The Senate Armed Services Committee voted to approve its markup of the National Defense Authorization Act for fiscal 2022, increasing the top line of President Joe Biden’s defense budget by $25 billion while seemingly nixing the possibility of a separate Space National Guard.
The markup was approved 23-3 on July 22 and a summary released July 23, detailing roughly $740 billion in spending for the Defense Department. The Biden administration had requested $715 billion for the department in late May. Included in both versions of the budget is a 2.7 percent pay raise for troops.
“After a lengthy but productive markup, I’m proud this year’s bipartisan National Defense Authorization Act increases the defense topline to the National Defense Strategy Commission’s recommendation of three to five percent real growth,” Sen. Jim Inhofe (R-Okla.), ranking member of the committee, said in a statement. “This is a big win for our national security and sends a strong message to both our allies and adversaries that America is prepared to stand up for ourselves and our friends.”
Included in the markup, which will now advance to the full Senate, is a name change for the Air National Guard, making it the Air and Space National Guard. Such a move would likely mean there would be no separate Space Guard established.
The question of whether to establish such a Guard has been debated for more than a year now—the Senate Armed Services Committee endorsed the creation of a Reserve component for the Space Force in the 2021 NDAA but asked for more evidence that a Space Guard was necessary. Top military leaders, meanwhile, have backed the idea, including Director of the Air National Guard Lt. Gen. Michael A. Loh, who pushed the idea while he was a major general and the adjutant general for the Colorado National Guard.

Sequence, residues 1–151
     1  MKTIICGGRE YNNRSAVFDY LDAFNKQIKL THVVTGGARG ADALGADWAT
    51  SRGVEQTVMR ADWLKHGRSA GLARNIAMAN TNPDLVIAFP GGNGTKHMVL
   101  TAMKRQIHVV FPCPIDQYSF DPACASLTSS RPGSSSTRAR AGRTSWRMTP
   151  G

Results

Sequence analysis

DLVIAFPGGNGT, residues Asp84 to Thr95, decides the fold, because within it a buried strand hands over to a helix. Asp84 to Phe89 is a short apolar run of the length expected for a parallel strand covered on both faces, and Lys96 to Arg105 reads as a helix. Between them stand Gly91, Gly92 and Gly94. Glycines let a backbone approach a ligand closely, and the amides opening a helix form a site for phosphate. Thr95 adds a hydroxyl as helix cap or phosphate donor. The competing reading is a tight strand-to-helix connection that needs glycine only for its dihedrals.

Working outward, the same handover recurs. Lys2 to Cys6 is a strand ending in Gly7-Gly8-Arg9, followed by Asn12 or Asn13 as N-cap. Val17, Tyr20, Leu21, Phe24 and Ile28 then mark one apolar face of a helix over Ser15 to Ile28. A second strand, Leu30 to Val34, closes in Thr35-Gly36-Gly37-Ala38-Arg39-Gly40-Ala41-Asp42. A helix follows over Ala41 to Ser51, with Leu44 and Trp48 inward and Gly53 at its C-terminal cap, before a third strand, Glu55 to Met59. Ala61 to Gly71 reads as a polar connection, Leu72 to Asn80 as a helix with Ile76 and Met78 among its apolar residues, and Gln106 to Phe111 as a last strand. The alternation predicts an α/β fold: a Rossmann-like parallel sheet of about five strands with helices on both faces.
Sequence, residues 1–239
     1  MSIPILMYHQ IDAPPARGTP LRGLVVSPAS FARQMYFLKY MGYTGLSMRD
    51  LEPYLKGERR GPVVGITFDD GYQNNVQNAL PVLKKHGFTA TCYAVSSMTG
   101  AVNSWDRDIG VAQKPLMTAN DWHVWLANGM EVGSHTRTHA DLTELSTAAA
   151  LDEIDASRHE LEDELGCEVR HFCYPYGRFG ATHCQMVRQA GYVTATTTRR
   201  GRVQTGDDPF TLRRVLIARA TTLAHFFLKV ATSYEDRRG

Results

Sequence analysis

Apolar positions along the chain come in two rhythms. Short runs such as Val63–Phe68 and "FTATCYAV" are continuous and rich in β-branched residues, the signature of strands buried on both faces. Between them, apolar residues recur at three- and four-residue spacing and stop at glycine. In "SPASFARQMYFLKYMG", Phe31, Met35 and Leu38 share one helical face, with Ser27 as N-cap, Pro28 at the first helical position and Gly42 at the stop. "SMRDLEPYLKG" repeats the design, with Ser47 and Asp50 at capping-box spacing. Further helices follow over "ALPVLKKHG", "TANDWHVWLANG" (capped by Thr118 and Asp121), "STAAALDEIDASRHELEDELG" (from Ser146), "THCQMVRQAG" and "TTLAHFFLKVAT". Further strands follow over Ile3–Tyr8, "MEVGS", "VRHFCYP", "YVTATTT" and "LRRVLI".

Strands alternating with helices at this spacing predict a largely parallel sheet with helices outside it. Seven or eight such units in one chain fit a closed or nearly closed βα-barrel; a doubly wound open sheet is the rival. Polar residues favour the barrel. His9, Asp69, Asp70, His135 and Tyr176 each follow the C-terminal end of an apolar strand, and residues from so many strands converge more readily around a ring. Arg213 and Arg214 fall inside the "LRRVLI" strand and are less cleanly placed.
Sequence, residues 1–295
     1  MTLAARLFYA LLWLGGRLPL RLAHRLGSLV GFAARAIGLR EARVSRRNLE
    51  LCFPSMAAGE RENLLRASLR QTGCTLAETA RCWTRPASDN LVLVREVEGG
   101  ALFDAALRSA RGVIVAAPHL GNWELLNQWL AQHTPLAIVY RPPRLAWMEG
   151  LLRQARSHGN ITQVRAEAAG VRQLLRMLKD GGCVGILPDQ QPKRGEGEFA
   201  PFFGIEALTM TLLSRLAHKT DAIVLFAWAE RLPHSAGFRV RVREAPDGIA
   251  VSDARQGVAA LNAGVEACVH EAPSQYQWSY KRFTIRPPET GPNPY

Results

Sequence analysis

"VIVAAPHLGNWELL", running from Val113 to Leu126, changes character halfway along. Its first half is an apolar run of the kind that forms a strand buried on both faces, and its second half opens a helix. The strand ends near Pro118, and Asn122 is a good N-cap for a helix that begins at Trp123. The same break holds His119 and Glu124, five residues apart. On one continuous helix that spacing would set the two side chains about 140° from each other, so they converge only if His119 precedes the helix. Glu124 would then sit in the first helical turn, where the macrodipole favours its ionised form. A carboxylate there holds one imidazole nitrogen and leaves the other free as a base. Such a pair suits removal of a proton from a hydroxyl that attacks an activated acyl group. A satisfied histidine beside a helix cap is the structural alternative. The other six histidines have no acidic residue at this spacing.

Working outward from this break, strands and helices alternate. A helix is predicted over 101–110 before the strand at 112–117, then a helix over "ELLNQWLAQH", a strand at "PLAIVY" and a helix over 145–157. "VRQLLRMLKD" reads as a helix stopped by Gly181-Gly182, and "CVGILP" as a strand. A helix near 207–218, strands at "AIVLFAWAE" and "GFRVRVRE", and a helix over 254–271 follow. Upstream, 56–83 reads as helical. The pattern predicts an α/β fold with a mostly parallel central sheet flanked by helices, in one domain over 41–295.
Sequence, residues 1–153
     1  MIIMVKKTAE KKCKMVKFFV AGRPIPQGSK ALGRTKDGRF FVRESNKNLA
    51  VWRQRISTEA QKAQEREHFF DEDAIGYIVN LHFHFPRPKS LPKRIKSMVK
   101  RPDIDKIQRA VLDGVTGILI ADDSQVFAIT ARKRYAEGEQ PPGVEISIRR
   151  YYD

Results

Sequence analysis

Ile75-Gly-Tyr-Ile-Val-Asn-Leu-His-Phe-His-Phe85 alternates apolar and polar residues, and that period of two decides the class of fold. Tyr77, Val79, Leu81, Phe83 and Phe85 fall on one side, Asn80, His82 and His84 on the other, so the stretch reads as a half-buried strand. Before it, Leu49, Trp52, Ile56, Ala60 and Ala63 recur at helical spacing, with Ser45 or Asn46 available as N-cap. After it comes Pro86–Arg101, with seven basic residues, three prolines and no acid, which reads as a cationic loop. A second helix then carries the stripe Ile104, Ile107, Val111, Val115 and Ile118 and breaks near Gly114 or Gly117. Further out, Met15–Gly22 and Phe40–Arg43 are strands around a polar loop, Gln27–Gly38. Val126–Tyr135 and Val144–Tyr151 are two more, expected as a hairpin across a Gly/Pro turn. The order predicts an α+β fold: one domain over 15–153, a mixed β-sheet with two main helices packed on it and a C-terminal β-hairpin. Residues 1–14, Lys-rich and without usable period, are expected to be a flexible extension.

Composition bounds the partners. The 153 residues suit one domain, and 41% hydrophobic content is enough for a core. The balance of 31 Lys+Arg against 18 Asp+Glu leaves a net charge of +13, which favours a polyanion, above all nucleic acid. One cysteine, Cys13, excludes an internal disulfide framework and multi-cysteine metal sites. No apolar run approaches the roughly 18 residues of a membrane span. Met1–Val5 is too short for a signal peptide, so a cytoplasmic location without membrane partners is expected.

In response to queries from Air Force Magazine on July 22, the National Guard Bureau said it does not comment on pending legislation.
The Senate committee markup also does not touch the Space Force’s request for an end strength of 8,400 Guardians, but it would grant the Secretary of the Air Force the ability “to vary U.S. Space Force end strength by a greater degree than is otherwise permitted for the Armed Services in order to give the Secretary additional discretion to build and establish the U.S. Space Force.” It also would temporarily exempt the Space Force from certain grade restrictions to allow the service to build up its base of general and flag officers.
The Air Force, meanwhile, saw its end strength request increased by nearly 1,000 Airmen, from 328,300 to 329,220. The service would also receive additional funding for a new F-35A fighter on top of the 48 it requested, despite not asking for any more F-35s in its unfunded priority list.
The UPL did ask for an extra $360 million for F-35 sustainment, including 20 F135 power modules and weapons system sustainment, and the SASC markup does grant that total, distributing $175 million for power modules and $185 million for weapons systems.
By comparison, the SASC markup includes an extra $575 million for an additional five F-15EX fighters, more than the budget request but less than the $1.376 billion and 12 new fighters included in the unfunded priorities list.
Elsewhere, the Senate committee markup would once again block the Air Force from retiring any A-10s, despite the service requesting to retire 42 of the airframes. In contrast, the markup would permit the retirement of the 18 requested KC-135s and 12 KC-10s—two less than requested for retirement.